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I have Ubuntu 18.04 and we have an admin account and an account for other users. I have added the public SSH keys of users who need admin access to the admin account, but when I try to do the same for an individual user, I don't see the authorized_keys file in .ssh directory for that user. How should I proceed here?

The below are the commands that I have tried:

cd /home
cd /admin
ls -a
nano .ssh/authorized_keys

Then I add the public key to the admin account. This works for admin but for other users I can't see any authorized_keys file.

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    if it doesn't exist just create it. It's just a plain text file; no special magic. Set perms like chmod go-rwx if your umask is too loose.
    – user339730
    Commented Jan 21, 2021 at 9:49
  • everyone's umask is too loose and you know it. Just chmod go-rwx it and make sur eit's owned by the user, not by root if you were root when you crated it. ssh is especially picky about permissions on this file. You MIGHT also need to consider selinux context depending on how it gets created (by hand or by script running non-interactively) Commented Jan 22, 2021 at 21:37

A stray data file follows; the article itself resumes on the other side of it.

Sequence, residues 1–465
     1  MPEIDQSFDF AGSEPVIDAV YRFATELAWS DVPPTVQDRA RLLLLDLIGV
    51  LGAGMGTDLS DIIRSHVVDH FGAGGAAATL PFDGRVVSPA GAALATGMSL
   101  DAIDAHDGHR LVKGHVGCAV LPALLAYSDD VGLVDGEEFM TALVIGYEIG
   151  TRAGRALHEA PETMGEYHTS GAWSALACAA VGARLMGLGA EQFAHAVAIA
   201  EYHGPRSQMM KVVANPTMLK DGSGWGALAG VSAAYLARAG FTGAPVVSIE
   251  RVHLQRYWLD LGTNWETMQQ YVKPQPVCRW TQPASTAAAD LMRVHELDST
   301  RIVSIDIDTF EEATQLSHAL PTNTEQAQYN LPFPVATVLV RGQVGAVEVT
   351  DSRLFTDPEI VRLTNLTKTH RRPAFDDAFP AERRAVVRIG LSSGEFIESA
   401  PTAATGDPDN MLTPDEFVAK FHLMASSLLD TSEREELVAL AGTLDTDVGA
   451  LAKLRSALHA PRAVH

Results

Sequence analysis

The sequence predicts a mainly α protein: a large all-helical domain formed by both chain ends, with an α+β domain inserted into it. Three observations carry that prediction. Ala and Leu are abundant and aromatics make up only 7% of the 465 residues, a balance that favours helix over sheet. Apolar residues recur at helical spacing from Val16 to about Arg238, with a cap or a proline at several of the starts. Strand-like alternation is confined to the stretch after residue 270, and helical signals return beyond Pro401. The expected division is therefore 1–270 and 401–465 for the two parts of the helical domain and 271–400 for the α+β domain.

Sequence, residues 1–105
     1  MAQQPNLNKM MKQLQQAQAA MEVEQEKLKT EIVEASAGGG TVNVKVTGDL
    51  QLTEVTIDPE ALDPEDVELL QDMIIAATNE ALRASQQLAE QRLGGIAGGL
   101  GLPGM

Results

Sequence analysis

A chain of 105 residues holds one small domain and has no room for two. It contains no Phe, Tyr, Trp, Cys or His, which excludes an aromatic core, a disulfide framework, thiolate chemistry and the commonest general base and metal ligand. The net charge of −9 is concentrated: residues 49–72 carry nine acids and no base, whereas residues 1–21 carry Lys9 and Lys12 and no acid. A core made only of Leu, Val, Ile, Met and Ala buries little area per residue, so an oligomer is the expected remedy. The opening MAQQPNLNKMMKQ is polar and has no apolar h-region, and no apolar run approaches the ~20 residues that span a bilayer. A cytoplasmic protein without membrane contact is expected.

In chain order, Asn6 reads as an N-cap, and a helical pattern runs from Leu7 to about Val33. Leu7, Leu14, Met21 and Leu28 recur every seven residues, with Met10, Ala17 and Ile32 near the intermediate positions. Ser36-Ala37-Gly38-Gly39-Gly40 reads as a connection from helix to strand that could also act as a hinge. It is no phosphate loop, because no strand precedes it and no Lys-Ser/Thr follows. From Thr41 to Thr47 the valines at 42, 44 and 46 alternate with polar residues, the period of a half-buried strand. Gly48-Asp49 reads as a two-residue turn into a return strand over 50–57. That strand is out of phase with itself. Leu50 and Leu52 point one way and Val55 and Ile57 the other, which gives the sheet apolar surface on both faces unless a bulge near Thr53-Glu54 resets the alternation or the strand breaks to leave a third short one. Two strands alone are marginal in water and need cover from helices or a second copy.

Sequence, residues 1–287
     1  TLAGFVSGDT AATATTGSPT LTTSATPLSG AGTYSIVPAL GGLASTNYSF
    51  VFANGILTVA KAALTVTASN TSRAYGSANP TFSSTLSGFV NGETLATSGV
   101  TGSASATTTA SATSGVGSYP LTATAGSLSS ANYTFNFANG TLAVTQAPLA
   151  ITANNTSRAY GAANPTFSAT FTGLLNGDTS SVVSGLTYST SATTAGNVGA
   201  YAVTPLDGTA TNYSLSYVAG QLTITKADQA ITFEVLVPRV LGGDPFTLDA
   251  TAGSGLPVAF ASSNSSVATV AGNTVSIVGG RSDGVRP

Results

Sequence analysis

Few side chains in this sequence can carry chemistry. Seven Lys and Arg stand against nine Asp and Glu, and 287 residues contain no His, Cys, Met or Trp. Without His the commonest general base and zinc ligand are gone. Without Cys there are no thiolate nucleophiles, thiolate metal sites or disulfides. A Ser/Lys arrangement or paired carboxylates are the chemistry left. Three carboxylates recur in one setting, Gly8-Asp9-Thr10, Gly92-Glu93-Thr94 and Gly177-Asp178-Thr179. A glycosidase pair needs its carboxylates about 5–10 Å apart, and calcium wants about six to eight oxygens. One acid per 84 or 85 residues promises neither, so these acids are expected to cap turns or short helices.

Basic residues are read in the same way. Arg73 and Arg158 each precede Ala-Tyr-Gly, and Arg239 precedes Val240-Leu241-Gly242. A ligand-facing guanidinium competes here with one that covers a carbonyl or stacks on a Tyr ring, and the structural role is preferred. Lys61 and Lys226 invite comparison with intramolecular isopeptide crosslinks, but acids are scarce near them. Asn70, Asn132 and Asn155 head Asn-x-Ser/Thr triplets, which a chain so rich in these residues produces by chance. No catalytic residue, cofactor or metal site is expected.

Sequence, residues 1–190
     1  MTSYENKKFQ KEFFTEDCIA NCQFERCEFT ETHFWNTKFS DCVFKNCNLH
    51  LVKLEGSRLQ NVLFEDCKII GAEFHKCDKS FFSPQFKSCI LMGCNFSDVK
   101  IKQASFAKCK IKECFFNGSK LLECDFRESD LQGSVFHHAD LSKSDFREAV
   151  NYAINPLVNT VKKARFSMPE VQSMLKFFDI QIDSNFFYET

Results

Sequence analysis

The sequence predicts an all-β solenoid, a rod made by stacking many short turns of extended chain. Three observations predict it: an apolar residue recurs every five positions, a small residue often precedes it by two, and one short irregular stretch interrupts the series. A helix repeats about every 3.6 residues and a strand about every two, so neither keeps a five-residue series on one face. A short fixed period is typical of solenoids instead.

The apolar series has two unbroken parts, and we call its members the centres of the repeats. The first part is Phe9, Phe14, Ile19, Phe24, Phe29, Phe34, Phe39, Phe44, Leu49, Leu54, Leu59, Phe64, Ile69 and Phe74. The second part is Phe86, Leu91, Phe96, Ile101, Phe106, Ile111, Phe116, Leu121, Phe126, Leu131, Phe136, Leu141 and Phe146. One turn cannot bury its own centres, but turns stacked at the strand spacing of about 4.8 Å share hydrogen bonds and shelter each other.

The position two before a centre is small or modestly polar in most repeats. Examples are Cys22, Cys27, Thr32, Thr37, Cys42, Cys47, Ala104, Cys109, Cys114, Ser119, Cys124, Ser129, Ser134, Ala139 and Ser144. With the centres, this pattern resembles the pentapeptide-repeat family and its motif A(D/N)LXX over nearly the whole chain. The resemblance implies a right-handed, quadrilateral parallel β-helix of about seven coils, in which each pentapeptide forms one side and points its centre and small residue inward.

4 Answers 4

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Generate an ssh key:

ssh-keygen -t rsa -b 4096 -C "comment"

copy it to your remote server:

ssh-copy-id user@ip

or you can manually append the ~/.ssh/id_rsa.pub to ~/.ssh/authorized_keys:

ssh user@ip 'mkdir ~/.ssh'
ssh user@ip 'cat >> ~/.ssh/authorized_keys' < ~/.ssh/id_rsa.pub
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    "or you can manually copy the ~/.ssh/id_rsa.pub to ~/.ssh/authorized_keys" -- For those new to doing that, if you interpret this literally and scp the file, you'd remove key access of other users. You want to append your key to the file, not copy over it. When ~/.ssh/authorized_keys doesn't exist, it doesn't make a difference for the first, but it does for each subsequent one.
    – JoL
    Commented Jan 21, 2021 at 17:06
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    Rather than scp, use ssh user@ip 'cat >> ~/.ssh/authorized_keys' < ~/.ssh/id_rsa.pub, so that you don't need to worry about whether or not there is already an authorized keys file.
    – chepner
    Commented Jan 21, 2021 at 18:23
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    @GAD3R I think you didn't understand my point. I was recommending against doing that. I predict there'll be people that'll take that scp command as an alternative to ssh-copy-id without understanding the limited circumstance in which it's acceptable.
    – JoL
    Commented Jan 21, 2021 at 18:26
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    Better than to append an ID manually, one can specify an ID file to ssh-copy-id using the -i option: ssh-copy-id -i path/to/id_rsa user@host (.pub is appended if missing). This will create missing directories (~/.ssh) and files (authorized_keys) with the appropriate access mode. Commented Jan 22, 2021 at 14:13
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The file is created when you run ssh-copy-id <user>@<server>, for example:

sylvester@host3:~> ssh-copy-id arnold@host4
/usr/bin/ssh-copy-id: INFO: Source of key(s) to be installed: "/home/sylvester/.ssh/id_rsa.pub"